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Boston Public Library’s Book Wash Machine

by on June 16, 2017

The Boston Public Library uses a type of book cleaning machine called Depulvera. Oracle, an Italian based company, manufactures the Depulvera and several other book-cleaning machines. According to Oracle’s website, libraries all over the world, including the National Library of Korea and British Library of London use the company’s book cleaning machines.

I have seen some innovative things in libraries such as seed lending, tie lending, RFID tags, and 3D printing, but I have yet to see anything like this.  While it resembles a car wash, it does not use soap or water, but rather spinning brushes and air to wipe away dust and debris that have made a home on a book’s surface. A book is placed at one end of the machine and is gently pulled through a maze of whirling parts. Potential allergens and opaque, grimy dust is whisked away, and soon after the book emerges from the other end clean and refreshed. I had my doubts, but there is a noticeable difference between a cleaned book and one that has not been cleaned.

So, why would anyone want to regularly dust books in a library’s collection? Dusting books can help alleviate allergy symptoms for sensitive patrons and staff, and can also help increase the life of the book. Recently I read an article on cleaning books with disinfectant wipes as they are returned to the library. The idea was to prevent patrons from contacting unwanted animal dander and other allergens carried over from the previous borrower. For libraries currently using this technique, a book-cleaning machine might be something to consider (if you can afford the hefty price tag).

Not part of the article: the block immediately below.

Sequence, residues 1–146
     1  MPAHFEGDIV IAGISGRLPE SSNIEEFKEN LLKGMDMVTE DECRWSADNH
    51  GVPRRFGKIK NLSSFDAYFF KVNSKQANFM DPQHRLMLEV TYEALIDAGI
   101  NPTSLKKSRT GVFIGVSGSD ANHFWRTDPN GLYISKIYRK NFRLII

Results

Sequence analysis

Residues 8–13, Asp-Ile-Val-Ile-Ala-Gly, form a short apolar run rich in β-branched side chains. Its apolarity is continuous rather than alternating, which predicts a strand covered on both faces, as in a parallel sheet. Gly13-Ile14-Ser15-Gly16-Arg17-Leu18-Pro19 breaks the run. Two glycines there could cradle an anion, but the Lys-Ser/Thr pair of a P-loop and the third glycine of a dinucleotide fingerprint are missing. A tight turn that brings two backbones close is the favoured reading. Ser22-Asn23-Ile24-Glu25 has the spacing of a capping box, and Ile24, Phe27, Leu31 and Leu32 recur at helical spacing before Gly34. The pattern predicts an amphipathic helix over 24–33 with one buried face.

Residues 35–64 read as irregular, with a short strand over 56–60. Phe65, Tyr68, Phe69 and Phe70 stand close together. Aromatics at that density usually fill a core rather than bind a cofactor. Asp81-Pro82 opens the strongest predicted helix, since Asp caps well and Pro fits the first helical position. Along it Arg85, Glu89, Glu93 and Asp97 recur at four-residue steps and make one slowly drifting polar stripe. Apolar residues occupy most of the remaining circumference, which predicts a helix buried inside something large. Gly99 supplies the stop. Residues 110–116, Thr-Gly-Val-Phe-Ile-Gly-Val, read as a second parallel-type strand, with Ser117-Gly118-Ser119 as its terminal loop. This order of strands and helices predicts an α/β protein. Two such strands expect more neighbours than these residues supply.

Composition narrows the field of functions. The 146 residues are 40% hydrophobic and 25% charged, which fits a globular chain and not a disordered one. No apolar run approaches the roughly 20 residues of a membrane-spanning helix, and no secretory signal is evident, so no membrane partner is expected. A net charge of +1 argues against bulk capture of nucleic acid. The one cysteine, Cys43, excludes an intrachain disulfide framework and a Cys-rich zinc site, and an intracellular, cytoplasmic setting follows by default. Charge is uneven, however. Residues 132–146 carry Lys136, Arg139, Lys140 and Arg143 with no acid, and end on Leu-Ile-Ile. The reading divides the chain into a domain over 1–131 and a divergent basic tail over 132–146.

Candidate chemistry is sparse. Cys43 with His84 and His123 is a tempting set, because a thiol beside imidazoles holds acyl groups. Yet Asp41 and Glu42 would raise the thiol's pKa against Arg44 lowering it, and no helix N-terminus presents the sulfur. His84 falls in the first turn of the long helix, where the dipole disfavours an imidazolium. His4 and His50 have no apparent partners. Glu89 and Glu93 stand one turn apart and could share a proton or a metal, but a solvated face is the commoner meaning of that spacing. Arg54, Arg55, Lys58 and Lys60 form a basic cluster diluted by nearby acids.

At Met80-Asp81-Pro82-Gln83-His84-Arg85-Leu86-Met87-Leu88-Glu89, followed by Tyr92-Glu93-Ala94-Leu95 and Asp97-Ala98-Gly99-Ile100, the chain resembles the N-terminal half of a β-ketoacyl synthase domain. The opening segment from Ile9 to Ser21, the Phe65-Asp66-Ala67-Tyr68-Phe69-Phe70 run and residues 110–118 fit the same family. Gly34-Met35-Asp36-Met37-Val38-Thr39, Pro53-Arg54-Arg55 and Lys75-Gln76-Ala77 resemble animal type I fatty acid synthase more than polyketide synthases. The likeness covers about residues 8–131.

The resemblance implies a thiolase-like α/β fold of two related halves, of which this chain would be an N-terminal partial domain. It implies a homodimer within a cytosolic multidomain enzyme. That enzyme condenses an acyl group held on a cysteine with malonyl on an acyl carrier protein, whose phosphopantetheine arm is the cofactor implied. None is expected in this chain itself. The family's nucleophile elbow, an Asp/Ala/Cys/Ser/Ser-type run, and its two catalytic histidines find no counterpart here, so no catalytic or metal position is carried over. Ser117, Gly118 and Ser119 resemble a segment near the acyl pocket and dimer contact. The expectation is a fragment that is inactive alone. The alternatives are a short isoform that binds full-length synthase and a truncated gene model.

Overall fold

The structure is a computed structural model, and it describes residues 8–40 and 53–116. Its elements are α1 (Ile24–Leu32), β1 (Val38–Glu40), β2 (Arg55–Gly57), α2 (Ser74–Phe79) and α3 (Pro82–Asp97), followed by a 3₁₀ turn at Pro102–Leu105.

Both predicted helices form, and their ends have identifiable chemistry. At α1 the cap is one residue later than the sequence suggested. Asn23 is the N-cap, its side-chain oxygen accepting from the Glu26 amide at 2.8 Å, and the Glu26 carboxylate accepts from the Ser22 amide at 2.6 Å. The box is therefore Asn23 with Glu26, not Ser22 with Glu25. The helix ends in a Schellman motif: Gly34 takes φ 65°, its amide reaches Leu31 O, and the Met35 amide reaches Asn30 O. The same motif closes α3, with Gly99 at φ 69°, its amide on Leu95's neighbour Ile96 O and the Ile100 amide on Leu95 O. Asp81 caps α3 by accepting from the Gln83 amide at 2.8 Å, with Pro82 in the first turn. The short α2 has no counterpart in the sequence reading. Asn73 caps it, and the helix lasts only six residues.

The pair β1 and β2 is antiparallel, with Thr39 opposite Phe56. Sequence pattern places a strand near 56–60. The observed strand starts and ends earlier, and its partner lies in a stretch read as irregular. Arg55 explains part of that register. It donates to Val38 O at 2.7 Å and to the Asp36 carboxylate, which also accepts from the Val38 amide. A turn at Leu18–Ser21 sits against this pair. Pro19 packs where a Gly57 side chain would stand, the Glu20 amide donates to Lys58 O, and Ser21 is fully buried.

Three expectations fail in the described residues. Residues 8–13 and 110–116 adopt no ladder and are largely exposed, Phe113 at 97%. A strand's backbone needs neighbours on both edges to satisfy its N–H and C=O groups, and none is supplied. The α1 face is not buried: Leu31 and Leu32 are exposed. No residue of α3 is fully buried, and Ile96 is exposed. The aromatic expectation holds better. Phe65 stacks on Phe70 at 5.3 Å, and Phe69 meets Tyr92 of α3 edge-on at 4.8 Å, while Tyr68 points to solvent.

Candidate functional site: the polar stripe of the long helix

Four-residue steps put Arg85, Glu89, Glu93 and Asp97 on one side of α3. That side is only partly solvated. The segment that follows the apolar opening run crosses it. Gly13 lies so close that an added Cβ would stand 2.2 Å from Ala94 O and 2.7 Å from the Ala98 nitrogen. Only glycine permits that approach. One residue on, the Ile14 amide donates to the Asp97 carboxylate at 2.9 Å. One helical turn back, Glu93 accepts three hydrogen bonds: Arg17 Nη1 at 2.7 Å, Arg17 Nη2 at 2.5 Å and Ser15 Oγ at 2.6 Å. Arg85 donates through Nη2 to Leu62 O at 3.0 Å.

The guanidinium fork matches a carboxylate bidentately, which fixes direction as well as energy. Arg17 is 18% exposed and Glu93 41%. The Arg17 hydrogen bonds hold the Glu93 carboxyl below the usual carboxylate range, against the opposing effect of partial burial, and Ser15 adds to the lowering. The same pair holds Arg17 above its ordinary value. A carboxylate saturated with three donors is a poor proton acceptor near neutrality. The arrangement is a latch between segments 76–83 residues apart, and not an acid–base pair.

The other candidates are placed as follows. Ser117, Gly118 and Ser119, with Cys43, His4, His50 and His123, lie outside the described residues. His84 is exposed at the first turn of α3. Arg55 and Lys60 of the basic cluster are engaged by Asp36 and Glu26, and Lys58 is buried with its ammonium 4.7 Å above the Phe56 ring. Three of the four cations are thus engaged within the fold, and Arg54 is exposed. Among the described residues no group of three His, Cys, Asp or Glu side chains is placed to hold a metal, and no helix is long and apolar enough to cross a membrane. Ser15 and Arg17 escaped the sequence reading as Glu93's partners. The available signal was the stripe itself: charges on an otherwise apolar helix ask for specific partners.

The Boston Public Library has commented that it does not use its book car wash to clean rare materials; it is mainly used for books without dustjackets. I can see where cleaning rare books with brittle and chipped binding could be problematic. Spinning brushes are not a good thing to have near fragile, delicate objects. The Boston Public Library also said that books are cleaned when they are loaned or copied. This makes sense, especially for digitization preparation. When making a copy of material, you want to make sure that its condition is optimal. Removing dust from a volume allows the library to make a more quality copy than one that is obscured by a coating of dust.

See the library’s video of the machine here.

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